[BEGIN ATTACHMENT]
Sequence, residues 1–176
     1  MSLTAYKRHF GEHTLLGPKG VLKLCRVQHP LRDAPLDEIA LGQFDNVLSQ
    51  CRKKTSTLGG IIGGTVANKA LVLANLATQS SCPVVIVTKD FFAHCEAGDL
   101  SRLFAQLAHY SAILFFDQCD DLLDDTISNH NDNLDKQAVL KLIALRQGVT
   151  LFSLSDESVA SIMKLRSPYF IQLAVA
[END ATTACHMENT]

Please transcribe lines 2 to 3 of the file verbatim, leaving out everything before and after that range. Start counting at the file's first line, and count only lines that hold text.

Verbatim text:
     1  MSLTAYKRHF GEHTLLGPKG VLKLCRVQHP LRDAPLDEIA LGQFDNVLSQ
    51  CRKKTSTLGG IIGGTVANKA LVLANLATQS SCPVVIVTKD FFAHCEAGDL